At least 20 soldiers and 40 civilians, including a 4-year-old girl, were killed in two attacks claimed by a Boko Haram faction last Saturday as the trend of extremist violence in northeast Nigeria continues.
On Sunday, United Nations Humanitarian Coordinator in Nigeria Edward Kallon condemned attacks in the Monguno and Nganzai local government areas in Borno state in which many civilians were killed and a humanitarian aid facility was damaged by “non-state armed groups.”
“I am deeply saddened by the news that many civilians, including an innocent child, lost their lives in these horrific attacks,” Kallon said in a statement. “My deepest condolences go to their families. Those who were injured are also in my thoughts and I wish them a speedy recovery.”
Two residents and an unnamed Civilian Joint Tasks Force fighter told Reuters that militants entered Nganzai around the same time on Saturday morning in pickup trucks and motorcycles before killing over 40 residents.
Meanwhile, two unnamed humanitarian workers and three residents of the area told the news agency that militants armed with heavy weaponry arrived in the nearby town of Monguno at around 11 a.m., when they overran government forces.
The militants are said to have killed at least 20 soldiers while some civilians were injured in the crossfire between the militants and soldiers.
In addition to the deceased, the U.N. reports that at least 37 other people were injured in the two attacks.
"They fired rocket-propelled grenades indiscriminately which fell on homes, killing three people and injuring many others," Monguno resident Kulo Gana told AFP. "I saw the bodies of the two soldiers and the militia member on the streets after the fighting."
According to the sources who spoke with Reuters, the militants are said to have set a local police station and a U.N. humanitarian office on fire in Monguno. Additionally, the sources said that militants distributed letters to residents in the Hausa language telling them not to work with military, white Christian westerners or “non-believers.”
The U.N. stated the humanitarian facility “only sustained light damage” as initial reports indicated that the building was targeted.
U.N. and nongovernment organization vehicles in front of the facility were set on fire, however. Due to protective security measures, no staff members working at the U.N. hub were harmed.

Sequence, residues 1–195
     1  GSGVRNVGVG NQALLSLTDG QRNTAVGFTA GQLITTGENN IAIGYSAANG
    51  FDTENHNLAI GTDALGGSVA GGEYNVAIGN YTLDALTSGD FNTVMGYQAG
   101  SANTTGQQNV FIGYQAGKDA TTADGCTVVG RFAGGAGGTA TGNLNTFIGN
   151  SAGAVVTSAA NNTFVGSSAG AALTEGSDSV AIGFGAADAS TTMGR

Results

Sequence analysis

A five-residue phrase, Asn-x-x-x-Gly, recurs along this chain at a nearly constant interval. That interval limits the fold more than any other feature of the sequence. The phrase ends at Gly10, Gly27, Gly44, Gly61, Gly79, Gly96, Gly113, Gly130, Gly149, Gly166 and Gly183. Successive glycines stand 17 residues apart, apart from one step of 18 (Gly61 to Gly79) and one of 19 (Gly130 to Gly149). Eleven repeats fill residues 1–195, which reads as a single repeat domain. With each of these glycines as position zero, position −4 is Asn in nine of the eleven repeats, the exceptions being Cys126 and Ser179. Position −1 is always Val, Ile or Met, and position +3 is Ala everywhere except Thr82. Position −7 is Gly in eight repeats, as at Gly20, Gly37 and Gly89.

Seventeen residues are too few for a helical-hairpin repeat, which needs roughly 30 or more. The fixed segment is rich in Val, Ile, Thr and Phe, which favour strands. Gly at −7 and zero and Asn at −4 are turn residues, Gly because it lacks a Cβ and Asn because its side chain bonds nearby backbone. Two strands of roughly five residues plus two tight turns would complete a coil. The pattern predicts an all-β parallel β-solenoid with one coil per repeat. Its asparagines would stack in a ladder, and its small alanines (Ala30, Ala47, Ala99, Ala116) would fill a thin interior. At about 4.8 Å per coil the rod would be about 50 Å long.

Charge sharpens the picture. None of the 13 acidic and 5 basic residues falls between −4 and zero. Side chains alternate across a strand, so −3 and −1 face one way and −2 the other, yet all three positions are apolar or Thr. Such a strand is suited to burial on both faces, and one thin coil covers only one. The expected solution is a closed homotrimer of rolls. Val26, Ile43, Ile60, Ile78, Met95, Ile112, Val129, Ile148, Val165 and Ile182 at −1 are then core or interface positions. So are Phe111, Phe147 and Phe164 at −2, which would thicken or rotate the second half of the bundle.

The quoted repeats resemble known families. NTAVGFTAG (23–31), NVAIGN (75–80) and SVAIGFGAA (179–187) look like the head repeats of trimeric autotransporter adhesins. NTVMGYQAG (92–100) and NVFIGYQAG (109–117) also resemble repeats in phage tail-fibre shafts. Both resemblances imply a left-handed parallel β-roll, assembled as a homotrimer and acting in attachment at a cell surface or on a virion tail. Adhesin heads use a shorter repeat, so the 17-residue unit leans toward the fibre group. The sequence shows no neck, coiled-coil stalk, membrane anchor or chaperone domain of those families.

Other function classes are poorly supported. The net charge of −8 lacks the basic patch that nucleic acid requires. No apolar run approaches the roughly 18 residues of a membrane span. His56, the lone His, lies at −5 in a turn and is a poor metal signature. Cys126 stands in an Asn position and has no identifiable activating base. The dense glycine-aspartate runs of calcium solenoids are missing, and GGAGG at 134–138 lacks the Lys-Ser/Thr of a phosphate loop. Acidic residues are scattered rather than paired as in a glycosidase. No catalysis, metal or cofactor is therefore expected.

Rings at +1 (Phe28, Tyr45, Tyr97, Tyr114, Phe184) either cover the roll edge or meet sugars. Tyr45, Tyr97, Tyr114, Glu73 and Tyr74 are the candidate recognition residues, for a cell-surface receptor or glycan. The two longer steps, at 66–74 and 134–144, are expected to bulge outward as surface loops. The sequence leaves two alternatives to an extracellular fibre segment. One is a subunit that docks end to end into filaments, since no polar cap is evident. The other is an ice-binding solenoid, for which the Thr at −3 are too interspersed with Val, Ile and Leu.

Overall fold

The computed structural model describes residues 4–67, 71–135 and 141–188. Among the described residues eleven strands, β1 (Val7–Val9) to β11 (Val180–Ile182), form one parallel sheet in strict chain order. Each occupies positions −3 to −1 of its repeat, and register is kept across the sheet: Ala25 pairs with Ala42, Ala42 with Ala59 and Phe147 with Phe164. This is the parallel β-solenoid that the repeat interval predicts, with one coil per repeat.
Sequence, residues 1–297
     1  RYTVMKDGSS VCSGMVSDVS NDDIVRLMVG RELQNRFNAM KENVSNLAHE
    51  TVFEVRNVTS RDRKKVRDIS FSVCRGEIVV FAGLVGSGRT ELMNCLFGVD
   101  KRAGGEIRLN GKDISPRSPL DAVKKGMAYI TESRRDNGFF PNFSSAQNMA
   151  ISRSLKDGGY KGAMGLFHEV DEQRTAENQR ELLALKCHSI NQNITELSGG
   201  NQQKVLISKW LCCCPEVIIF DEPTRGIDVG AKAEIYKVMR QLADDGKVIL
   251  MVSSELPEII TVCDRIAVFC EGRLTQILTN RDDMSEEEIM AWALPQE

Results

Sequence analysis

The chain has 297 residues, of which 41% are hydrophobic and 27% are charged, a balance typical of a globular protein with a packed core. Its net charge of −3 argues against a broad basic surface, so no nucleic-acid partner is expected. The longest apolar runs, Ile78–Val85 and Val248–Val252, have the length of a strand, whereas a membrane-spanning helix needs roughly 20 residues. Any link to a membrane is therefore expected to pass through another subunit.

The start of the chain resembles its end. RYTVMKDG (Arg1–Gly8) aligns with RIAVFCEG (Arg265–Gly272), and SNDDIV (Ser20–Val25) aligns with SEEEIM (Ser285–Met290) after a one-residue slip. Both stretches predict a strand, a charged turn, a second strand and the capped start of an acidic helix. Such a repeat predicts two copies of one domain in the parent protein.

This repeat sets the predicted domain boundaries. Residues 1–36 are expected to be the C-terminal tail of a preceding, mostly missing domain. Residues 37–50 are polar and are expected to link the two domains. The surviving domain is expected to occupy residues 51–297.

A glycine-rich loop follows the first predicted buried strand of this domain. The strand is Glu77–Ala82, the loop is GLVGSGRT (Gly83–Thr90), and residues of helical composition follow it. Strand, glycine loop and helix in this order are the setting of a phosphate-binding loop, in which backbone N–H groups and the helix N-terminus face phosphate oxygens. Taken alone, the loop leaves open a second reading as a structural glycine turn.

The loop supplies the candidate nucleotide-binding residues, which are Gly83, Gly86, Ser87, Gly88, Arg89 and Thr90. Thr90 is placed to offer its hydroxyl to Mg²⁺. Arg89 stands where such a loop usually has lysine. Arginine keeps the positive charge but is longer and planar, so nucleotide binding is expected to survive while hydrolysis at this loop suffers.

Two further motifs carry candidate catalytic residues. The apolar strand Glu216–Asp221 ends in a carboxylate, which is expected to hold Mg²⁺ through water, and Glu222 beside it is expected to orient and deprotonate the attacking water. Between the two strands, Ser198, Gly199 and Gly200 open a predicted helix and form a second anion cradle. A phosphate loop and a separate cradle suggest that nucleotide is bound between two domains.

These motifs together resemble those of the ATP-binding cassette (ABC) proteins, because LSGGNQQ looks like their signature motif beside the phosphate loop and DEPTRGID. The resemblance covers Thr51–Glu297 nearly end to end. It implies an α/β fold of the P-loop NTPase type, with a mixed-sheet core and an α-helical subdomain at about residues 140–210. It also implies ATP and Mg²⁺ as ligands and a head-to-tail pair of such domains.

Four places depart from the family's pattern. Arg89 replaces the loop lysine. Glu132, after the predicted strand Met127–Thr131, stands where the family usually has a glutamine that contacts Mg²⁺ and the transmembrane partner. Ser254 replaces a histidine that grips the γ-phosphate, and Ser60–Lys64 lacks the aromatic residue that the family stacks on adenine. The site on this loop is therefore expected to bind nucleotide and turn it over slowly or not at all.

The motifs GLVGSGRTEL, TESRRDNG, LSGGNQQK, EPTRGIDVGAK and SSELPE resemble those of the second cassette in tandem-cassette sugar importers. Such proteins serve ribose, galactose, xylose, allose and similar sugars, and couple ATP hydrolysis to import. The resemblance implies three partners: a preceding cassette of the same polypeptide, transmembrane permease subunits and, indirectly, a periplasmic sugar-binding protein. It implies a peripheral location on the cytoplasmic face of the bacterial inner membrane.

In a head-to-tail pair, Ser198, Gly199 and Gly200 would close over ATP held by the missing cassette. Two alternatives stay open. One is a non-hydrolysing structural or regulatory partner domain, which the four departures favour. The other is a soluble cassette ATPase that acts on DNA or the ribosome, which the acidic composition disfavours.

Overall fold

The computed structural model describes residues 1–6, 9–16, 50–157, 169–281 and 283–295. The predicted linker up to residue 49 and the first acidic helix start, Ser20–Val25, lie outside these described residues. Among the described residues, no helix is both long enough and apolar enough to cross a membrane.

Kallon said that aid workers and their facilities should “never be a target and must be protected and respected at all times.”
“I am relieved all staff are safe and secure, but I am shocked by the intensity of this attack,” Kallon said. “It is the latest of too many clashes affecting civilians, humanitarian actors and the assistance we provide.”
The attacks in Monguno and Nganzai come just days after as many as 81 people (some reports suggest at least 69 people) were killed when suspected Islamic radicals attacked a nomadic community in the Gubio local government area of Borno last Tuesday.
Boko Haram’s offshoot faction, Islamic State West Africa Province, which split from the insurgency in 2016, has claimed responsibility for all three of the recent attacks, according to Reuters.
“I am appalled by the continued violent attacks launched by non-state armed groups in civilian areas in Borno State,” Kallon stressed.
The U.N. reports that there are over 150,000 displaced people in the town of Monguno. The international body warned that attacks impede its ability to deliver assistance to the people in need. As many as 25 aid organizations are assisting the displaced persons in Monguno.
ISWAP is associated with the Islamic State terrorist network and has carried out numerous attacks in Nigeria since its formation in 2016. Reports have indicated that ISWAP attacks have primarily targeted military bases and the group has imposed taxes and controls trade in areas it wants to control.
ISWAP has been responsible for the killings of civilians, including the December 2019 killing of 11 Christian aid workers and the January 2020 execution of a Nigerian Christian student by a child soldier.
The Nigerian government is facing increasing international pressure over its inability to protect its citizens from attacks carried out by Boko Haram and ISWAP in the northeast as well as violence against communities in the Middle Belt that has reportedly led to thousands of deaths in recent years.
According to the U.N., there are millions of people living as internally displaced people throughout Nigeria who have been uprooted by violence in their communities. In the northeastern states of Borno, Adamawa and Yobe, there are over 10.6 million people in need of assistance.
Advocates are calling on the Trump administration to appoint a special envoy to monitor the situation in Nigeria.
Last December, the U.S. State Department included Nigeria for the first time on its “special watch list” of countries that engage in or tolerate severe violations of religious freedom. Nigeria ranks as the 12th worst country in the world when it comes to Christian persecution, according to Open Doors USA’s 2020 World Watch List.